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Sports News of Thursday, 17 September 2020

Source: Happy 98.9FM

Today In Sports History: Asante Kotoko beat Hearts 6-5 to book FA Cup final slot

On this day 17 September 1961 (Exactly 59 years ago today) Asante Kotoko defeated Hearts of Oak 6-5 in their FA Cup semi-final replay at the Kumasi Sports Stadium.

It was one of the most exciting and dramatic of all semifinals replay ever played in Ghana.

It was a nerve racking match and Kwame Adarkwa’s equaliser with only three minutes to full time which sent the crowd into delirium was the most spectacular goal ever seen in Ghana. The close tally shows that Hearts fought hard to the bitter end, but they lost to a better side.

Below is some extracts from the dailies;

Daily Graphic: “Asante Kotoko are the masters of Accra Hearts of Oak. For three years in succession, they have eliminated Hearts in the Semi – Finals of the National Cup Competition.

” And, yes, Kotoko deserved to win. For, they showed the old glimpses of their finishing power, winning the Semi – Final replay by 6-5 at the Kumasi Sports Stadium yesterday.

“Soccer fans in Kumasi had not seen such a first – class game with abundant thrills and a generous ration of good football for a long time.

” At one stage, Hearts were leading 4-2 and it looked as if they would break the hoodoo. But the Ashanti boys were waiting for the last minute. And when the time came, they just did it..”

The Ghanaian Times called it “a wonderful performance –indeed almost a football miracle.” The paper said: “What a finish. What stamina. What dynamic fighting burst. There never will be a team more dangerous and more prolific in the closing minutes than the pride of Ashanti–Asante Kotoko. Several times this year they have turned seemingly impossible situations into glorious victories.”

The most moving tribute ever paid to a footballer in Ghana was the one paid to Kwame Adarkwa of Kotoko by Mr Kwaku Poku of the Kwame Nkrumah College of Science and Technology, Kumasi, who later studied in Princeton University in the United States.

The tribute appeared in the Ashanti Pioneer of September 28, 1961, headed ‘Hats Off To Kotoko’s Adarkwa.” This is how he put it.

“Adarkwa’s equaliser in the match between Kotoko and Hearts played last Sunday at the Kumasi Sports Stadium was a shot and a half. For a long time to come it will be the talk in many homes throughout Ghana.

“On my part I am glad I was alive that Sunday afternoon to see the shot. Acquah’s bullet shots we have seen and admired; Baba Yara’s sizzling grass – cutters too we have enjoyed seeing. But what we saw Sunday at the Kumasi Sports Stadium, we have never seen the like before and will be lucky to see it again. It was something in a special compartment.

” But let me describe it for you, though I am aware that words cannot describe what fact is indescribable. You should have seen it for yourself to believe it. It was tense moment in the game. The score was 4 – 5 against Kotoko. The time barely four minutes to go. And there was Adarkwa perilously near the goal with his back facing Addoquaye Laryea, and the ball coming down. He daren’t let it bounce otherwise he would lose a fine opportunity.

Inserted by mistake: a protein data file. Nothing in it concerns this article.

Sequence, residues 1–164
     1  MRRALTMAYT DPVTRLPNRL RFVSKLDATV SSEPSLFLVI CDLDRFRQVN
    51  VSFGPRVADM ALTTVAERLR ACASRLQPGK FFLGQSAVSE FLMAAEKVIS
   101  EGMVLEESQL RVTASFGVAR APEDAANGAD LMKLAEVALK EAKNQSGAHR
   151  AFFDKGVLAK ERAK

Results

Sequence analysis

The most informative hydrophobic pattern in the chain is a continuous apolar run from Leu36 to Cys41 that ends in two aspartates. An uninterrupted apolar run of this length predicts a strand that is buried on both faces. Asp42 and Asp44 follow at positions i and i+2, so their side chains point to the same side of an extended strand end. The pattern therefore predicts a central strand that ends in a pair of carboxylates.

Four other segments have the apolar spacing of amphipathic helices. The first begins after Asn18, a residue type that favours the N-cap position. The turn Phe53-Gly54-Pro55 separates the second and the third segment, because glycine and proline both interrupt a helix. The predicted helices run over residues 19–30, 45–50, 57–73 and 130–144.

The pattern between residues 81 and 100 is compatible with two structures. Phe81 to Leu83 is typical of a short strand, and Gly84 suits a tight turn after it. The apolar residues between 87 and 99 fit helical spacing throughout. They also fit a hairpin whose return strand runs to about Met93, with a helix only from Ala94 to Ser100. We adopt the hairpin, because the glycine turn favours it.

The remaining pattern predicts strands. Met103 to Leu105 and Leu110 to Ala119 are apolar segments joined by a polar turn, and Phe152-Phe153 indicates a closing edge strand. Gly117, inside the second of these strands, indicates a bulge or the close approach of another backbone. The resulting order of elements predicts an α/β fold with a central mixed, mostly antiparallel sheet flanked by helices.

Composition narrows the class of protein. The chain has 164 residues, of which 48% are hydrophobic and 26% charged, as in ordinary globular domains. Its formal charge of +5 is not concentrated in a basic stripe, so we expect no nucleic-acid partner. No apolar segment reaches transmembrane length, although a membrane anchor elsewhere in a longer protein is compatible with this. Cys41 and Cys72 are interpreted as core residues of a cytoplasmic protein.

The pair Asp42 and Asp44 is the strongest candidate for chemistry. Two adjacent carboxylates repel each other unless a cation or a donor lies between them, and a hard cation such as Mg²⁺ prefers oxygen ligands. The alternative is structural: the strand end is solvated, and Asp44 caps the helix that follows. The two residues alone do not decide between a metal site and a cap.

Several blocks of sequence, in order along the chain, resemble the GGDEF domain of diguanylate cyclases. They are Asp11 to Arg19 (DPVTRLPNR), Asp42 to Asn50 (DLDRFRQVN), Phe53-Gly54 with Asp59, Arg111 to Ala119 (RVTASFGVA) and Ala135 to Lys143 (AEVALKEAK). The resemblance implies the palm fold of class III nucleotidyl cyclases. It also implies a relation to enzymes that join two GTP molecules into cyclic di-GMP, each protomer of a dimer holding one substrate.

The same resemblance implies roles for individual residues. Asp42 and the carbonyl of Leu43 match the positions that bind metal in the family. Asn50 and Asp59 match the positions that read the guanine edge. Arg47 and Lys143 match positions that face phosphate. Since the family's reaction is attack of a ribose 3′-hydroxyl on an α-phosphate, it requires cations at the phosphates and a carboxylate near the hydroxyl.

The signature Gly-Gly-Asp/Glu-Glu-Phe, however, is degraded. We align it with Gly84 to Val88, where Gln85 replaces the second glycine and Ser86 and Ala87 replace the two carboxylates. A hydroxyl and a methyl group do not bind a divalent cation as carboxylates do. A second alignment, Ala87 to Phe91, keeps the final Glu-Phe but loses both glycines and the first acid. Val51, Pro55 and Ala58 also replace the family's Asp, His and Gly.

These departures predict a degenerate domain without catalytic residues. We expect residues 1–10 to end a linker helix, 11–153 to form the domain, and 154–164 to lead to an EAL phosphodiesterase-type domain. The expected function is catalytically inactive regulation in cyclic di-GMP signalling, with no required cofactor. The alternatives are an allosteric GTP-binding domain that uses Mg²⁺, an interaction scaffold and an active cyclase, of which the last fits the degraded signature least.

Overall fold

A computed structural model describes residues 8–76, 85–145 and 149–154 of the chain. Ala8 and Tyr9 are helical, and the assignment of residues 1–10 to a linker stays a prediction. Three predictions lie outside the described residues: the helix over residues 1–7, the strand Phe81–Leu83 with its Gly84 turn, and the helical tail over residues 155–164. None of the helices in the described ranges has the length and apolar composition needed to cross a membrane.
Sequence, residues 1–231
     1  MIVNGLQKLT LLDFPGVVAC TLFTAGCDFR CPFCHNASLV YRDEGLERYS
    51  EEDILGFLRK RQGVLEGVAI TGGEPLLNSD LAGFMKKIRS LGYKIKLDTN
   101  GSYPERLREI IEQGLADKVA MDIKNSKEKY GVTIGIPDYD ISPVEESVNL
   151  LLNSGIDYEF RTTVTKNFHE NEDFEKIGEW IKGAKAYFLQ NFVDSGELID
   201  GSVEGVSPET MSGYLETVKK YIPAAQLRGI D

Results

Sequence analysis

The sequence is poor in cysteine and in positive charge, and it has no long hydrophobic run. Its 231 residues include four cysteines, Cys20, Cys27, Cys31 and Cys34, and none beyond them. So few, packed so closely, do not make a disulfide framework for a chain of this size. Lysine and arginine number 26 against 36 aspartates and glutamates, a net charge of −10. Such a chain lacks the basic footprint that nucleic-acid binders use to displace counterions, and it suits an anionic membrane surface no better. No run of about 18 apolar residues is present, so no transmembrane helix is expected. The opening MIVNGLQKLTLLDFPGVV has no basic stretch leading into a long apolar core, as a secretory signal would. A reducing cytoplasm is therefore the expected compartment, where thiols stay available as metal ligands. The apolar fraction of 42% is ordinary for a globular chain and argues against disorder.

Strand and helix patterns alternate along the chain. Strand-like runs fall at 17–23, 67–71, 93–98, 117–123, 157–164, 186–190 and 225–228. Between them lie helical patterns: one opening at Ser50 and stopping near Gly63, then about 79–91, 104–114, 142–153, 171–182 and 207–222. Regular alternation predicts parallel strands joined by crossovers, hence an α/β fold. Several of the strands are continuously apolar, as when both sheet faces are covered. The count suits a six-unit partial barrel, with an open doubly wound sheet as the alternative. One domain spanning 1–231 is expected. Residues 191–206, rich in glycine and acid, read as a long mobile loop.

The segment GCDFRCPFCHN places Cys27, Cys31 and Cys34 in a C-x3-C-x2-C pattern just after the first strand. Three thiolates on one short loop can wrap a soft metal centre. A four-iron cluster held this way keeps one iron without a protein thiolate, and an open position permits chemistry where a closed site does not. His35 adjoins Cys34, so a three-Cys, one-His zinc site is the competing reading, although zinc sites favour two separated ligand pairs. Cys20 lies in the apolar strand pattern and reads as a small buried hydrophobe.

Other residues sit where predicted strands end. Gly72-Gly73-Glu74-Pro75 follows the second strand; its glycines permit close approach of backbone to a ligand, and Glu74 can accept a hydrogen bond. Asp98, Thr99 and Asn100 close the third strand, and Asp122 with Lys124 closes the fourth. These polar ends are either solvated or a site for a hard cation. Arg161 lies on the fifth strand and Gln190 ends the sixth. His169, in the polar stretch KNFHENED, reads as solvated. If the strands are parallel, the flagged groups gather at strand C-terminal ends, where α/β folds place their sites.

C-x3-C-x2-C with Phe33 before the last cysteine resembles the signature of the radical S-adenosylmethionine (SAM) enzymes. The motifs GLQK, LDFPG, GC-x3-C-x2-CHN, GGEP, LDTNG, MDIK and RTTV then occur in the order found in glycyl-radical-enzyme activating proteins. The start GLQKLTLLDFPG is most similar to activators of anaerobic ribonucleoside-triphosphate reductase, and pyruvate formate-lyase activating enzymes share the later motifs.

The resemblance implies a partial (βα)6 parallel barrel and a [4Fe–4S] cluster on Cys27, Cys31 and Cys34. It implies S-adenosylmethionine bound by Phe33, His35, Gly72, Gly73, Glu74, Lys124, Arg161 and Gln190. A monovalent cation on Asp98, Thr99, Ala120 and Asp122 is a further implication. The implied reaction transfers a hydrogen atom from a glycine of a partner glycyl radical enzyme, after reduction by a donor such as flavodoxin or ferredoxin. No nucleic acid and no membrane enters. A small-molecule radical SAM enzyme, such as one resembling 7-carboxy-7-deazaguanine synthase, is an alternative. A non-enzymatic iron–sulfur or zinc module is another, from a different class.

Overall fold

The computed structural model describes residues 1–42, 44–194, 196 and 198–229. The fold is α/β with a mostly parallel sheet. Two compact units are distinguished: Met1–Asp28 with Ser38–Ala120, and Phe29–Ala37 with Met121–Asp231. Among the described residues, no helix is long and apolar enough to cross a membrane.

“There was one of two courses open to him: either to head the ball into the goal with his back still facing the goalkeeper; but that would have required a header as strong as Adu Darku’s to be able to get it past the agile and vigilant Addoquaye Laryea. Or to turn round quickly and boot it in with his right. That too would have given the goalkeeper or the nearest attacker –and there were several of them –the chance to clear the ball. Your lesser player would have done either of these.

” But because Adarkwa is not a lesser player he did the unexpected. He looked at the goal, over his right shoulder, to survey his chances (and I suspect to locate the goalkeeper) and then peddled the ball over his head bang into the goal. It was clear that Addoquaye Laryea knew nothing about the shot.

“It was a cheeky, daring shot, and until the ball went into the net, no one thought it likely. When I saw him attempt it I thought it was a crazy thing to do at the crucial moment of the game. Not that it was a chancy or a streaky shot.

” On the contrary, it was after the ball had found its way into the goal that we realised that it was an amazing feat of artistry, skill and sheer delivery.

“It was one of those rare moments in a game when the man and the occasion meet to produce the unexpected, and by so doing add a new dimension to the game. I am certain that the shot, judged by any standard, in any part of the globe where soccer is understood, would be acclaimed brilliant.

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